Steve Kirshblum, MD (8:00 am)
Plenary Session 1: Metabolic Disease (Chair: Dana McTigue, PhD)
- David Gater, MD, PhD, MS – Neuroginic obesity after SCI
- Ceren Yarar-Fisher, PhD
- Phillip Popovich, PhD
- Mark Nash, PhD, FACSM – Inhibition of Myostatin Expression as a countermeasure to sarcopenic obesityfollowing SCI
- J. Andrew Taylor, PhD –Impact of Functional Electrical Stimulation Exercise on Cardiometabolic Health in SubAcute SCI
Plenary Session 2: Muscle as endocrine organ (Chair: David Magnuson, PhD)(1:00-3:00pm)
- Christopher Cardozo, MD –Muslce as an endocrine organ: how changes in muscle secretome after SCI may drive those in fat and liver and predict adverse alterations in metabolism
- David Ditor, PhD – Targeting inflamation as a means to manage secondary health complications after SCI
- Karen Esser, M Ed, PhD – Circadian clocks in muscle; the importance of activity and exercise
Plenary Session 3: Cardiovascular Dysfunction (Chair: Jill Wecht, EdD)
- David Goldstein, MD, PhD
- Andrei Krassioukov, MD, PhD – Spinal cord Stimulation and autonomic dysfunctions following spinal cord injury
- Jill Wecht, EdD – Autonomic Cardiovascular Dysfunction in SCI: Presentation, Consequences, Treatments
- Ona Bloom, PhD –The potential for Lumbosacral Spinal Cord Epidural Stimulation to Reduce Systemic Inflammation in Chronic Spinal Cord Injury: An overview and case report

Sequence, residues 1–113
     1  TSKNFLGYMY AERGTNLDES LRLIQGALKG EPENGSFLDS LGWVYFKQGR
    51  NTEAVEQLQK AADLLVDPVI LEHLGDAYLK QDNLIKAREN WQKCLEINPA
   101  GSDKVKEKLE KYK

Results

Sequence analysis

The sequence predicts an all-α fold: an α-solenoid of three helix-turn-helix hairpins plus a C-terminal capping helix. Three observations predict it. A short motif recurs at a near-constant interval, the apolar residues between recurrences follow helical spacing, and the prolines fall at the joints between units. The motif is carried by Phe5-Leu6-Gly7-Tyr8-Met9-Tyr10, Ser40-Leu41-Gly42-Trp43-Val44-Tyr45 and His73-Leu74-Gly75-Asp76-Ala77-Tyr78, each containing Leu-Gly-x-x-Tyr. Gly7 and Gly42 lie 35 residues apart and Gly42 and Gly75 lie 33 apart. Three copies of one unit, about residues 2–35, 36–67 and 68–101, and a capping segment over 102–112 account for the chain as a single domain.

Keynote Dinner at Churchill Downs
Neuromodulation: Past, Present, & Future
Elliot Krames, MD (7:00 pm)
*Additional Ticket Required*
Overview and History of Neuromodulation
Karen Minassian, PhD (8:00 – 9:00 am)
Plenary Session 4: Epidural Stimulation: Motor Systems (Chair: Susan Harkema, PhD)
- Marco Capogrosso, PhD –Computer models in the understanding of Electrical Epidural Stimulation for the recovery of motor control
- Gregoire Courtine, PhD –Targeted epidural spinal stimulation (TESS): mechanisms
- Peter Grahn, PhD –Examining downstream electrophysiology to understand interactions between electrical stimuli and human spinal sensorimotor networks